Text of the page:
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Titel
Susceptibility to declarative memory interference is pronounced in primary insomnia
VerfasserGriessenberger, Hermann ; Heib, Dominik P. J. ; Lechinger, Julia ; Luketina, Nikolina ; Petzka, Marit ; Moeckel, Tina ; Hoedlmoser, Kerstin ; Schabus, Manuel
Erschienen in
PLoS ONE, Lawrence, Kan., 2013, Jg. 8, S. 1-10
ErschienenPublic Library of Science, 2013
SpracheEnglisch
DokumenttypAufsatz in einer Zeitschrift
Schlagwörter (EN)Sleep / Memory / Insomnia / Memory consolidation / Learning / Cognitive impairment / Recall (memory) / Electroencephalography
Projekt-/ReportnummerP-21154-B18
Projekt-/ReportnummerW1233
ISSN1932-6203
URNurn:nbn:at:at-ubs:3-2342 Persistent Identifier (URN)
DOI10.1371/journal.pone.0057394 
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Susceptibility to declarative memory interference is pronounced in primary insomnia [0.58 mb]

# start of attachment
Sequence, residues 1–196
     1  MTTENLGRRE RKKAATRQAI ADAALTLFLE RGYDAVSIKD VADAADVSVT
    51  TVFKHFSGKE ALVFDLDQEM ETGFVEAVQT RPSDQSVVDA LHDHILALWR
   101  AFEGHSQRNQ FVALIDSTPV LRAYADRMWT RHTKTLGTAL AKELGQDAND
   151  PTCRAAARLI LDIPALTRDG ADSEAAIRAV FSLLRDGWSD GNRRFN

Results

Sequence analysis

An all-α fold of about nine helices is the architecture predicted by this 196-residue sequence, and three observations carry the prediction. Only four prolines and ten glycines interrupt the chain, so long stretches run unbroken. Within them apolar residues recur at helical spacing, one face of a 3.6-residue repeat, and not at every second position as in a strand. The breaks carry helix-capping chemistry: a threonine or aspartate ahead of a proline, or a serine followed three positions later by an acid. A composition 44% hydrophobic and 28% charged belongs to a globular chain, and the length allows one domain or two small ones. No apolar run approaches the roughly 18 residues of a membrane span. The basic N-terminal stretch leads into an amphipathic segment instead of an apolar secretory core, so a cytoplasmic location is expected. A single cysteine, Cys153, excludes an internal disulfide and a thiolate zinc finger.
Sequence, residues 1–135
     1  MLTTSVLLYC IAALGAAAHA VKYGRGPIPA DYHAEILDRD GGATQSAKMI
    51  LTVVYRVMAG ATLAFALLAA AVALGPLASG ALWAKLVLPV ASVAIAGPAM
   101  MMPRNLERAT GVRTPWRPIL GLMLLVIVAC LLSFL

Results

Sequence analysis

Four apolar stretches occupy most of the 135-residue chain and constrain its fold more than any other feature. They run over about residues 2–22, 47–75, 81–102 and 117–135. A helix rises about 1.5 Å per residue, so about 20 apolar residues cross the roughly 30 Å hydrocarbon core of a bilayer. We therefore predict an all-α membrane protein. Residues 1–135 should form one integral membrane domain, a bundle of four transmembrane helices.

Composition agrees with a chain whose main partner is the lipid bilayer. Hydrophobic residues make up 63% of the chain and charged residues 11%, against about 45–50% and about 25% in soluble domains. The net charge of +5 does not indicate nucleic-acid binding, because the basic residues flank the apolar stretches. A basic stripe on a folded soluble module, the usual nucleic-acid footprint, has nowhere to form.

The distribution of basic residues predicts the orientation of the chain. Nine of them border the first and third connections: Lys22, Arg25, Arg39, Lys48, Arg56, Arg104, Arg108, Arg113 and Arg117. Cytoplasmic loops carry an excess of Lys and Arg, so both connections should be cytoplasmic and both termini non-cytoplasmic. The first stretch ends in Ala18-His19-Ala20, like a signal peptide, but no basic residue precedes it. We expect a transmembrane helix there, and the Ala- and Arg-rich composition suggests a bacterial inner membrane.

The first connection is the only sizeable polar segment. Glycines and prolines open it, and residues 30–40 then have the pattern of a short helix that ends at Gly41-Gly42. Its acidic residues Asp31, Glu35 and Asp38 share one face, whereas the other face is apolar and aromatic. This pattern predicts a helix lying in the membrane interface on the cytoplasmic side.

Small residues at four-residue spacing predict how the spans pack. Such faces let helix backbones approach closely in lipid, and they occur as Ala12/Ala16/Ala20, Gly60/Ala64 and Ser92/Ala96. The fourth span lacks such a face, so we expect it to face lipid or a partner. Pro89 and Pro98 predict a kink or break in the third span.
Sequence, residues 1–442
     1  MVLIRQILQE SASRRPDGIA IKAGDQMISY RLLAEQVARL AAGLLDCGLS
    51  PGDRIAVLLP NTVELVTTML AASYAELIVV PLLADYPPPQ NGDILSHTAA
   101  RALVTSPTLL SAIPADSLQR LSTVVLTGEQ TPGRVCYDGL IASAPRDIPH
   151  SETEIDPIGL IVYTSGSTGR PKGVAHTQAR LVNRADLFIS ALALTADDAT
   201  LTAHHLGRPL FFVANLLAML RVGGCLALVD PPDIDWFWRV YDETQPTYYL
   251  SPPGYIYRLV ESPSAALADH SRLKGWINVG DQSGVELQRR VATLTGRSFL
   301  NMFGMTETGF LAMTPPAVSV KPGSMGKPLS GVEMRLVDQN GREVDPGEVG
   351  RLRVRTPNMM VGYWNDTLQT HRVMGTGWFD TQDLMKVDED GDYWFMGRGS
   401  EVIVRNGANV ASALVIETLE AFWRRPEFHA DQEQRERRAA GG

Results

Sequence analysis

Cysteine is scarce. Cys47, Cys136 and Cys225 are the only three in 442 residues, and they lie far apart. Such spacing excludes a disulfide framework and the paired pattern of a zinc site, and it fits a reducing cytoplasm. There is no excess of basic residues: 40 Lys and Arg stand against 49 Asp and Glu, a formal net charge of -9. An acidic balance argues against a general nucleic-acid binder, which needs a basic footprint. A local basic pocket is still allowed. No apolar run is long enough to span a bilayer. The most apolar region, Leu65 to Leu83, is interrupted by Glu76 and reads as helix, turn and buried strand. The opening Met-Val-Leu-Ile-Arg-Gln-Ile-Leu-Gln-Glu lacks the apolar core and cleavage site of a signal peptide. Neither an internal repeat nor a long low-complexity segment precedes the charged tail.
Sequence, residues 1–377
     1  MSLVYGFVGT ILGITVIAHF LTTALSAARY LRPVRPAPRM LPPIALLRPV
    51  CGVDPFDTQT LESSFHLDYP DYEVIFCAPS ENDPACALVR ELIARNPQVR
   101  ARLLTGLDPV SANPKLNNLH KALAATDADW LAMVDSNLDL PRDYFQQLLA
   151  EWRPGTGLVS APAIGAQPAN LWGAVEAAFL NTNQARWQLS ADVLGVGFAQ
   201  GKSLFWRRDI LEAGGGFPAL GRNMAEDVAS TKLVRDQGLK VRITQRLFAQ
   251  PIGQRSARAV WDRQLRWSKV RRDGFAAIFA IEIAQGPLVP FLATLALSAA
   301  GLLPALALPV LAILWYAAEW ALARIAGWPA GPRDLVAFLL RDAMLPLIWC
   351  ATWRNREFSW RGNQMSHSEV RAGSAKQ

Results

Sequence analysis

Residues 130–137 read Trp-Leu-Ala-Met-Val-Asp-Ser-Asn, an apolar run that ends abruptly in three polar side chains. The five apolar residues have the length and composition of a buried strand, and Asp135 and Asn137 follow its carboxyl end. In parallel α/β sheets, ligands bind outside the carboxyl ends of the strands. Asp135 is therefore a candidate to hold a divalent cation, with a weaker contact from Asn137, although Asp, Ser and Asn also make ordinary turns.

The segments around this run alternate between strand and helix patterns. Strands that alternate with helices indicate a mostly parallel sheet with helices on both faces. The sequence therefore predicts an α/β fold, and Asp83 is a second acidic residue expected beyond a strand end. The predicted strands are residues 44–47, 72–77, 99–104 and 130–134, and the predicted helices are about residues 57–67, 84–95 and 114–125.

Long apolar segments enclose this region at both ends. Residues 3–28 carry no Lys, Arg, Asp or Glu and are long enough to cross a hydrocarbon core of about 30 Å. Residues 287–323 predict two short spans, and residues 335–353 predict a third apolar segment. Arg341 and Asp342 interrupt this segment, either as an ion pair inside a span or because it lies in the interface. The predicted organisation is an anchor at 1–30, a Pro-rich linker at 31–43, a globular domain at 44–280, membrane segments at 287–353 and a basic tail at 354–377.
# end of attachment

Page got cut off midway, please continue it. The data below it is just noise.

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Zusammenfassung (Englisch)

Sleep has been shown to stabilize memory traces and to protect against competing interference in both the procedural and declarative memory domain. Here, we focused on an interference learning paradigm by testing patients with primary insomnia (N=27) and healthy control subjects (N=21). In two separate experimental nights with full polysomnography it was revealed that after morning interference procedural memory performance (using a finger tapping task) was not impaired in insomnia patients while declarative memory (word pair association) was decreased following interference. More specifically, we demonstrate robust associations of central sleep spindles (in N3) with motor memory susceptibility to interference as well as (cortically more widespread) fast spindle associations with declarative memory susceptibility. In general the results suggest that insufficient sleep quality does not necessarily show up in worse overnight consolidation in insomnia but may only become evident (in the declarative memory domain) when interference is imposed.

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CC-BY-Lizenz (4.0)Creative Commons Namensnennung 4.0 International Lizenz